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The Housing Boom and Bust in America by Thomas Sowell

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Jason Hartman interviews Thomas Sowell, author of The Housing Boom and Bust. Thomas talks about homeownership and its benefits, and also its costs and risks. He discusses the Community Reinvestment Act and how the current economic crisis grew out of policies based on good intentions and mushy thinking.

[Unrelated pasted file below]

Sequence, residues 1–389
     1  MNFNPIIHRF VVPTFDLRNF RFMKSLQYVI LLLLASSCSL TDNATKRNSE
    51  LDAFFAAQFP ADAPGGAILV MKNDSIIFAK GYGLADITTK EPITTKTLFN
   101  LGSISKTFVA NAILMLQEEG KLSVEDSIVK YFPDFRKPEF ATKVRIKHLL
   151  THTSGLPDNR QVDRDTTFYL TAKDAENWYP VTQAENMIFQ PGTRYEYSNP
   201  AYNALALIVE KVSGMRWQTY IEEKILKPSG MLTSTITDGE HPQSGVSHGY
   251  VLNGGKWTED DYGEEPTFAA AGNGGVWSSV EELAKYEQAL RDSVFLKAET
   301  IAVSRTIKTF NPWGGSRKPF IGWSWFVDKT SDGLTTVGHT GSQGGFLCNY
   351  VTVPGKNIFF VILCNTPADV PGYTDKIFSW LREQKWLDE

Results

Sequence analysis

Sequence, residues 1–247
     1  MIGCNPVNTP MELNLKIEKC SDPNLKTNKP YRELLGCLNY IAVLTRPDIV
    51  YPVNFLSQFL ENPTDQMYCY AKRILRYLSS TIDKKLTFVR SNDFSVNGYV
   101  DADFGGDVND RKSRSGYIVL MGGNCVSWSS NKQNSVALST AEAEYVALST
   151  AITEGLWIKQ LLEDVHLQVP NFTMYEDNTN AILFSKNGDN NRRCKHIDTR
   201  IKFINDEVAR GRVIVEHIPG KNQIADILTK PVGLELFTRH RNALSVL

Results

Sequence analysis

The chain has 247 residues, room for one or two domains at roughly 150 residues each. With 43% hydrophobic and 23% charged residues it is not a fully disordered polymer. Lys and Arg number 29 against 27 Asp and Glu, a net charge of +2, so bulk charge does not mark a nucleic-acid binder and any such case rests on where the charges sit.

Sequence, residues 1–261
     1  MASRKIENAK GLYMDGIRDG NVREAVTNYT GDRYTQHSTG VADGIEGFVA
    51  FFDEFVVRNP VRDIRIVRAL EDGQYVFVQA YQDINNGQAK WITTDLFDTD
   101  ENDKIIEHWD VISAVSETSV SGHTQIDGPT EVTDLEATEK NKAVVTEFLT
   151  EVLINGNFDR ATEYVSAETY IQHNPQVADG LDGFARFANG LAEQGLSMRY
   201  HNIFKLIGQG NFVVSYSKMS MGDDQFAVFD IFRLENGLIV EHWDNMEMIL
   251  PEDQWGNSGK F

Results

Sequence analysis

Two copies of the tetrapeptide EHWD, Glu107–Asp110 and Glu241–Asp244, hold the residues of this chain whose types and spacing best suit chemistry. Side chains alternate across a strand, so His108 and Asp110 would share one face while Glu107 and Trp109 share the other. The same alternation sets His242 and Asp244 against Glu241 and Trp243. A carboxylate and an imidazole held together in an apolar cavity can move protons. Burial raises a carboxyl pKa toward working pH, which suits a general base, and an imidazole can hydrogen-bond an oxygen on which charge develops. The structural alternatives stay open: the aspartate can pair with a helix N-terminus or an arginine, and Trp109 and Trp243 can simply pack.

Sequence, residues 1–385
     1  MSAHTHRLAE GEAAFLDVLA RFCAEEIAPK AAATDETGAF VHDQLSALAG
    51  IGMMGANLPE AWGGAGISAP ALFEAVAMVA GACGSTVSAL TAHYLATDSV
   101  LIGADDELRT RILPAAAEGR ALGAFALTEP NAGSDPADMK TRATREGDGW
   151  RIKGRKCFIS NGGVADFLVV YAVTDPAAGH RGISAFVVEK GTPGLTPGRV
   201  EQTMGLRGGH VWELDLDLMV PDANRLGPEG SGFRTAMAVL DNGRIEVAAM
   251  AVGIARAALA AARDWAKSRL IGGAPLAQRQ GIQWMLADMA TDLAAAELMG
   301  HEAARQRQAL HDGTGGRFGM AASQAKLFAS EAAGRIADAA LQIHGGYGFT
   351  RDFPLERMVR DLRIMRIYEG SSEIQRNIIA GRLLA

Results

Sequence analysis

Announcer 0:04
Welcome to the heroic investing show. As first responders, we risk our lives every day our financial security is under attack. Our pensions are in a state of emergency. A single on-duty incident can alter or erase our earning potential instantly and forever. We are the heroes of society. We are self reliant, and we need to take care of our own financial future. The heroic investing show is our toolkit of business and investing tactics on our mission to financial freedom.

Gary Pinkerton 0:36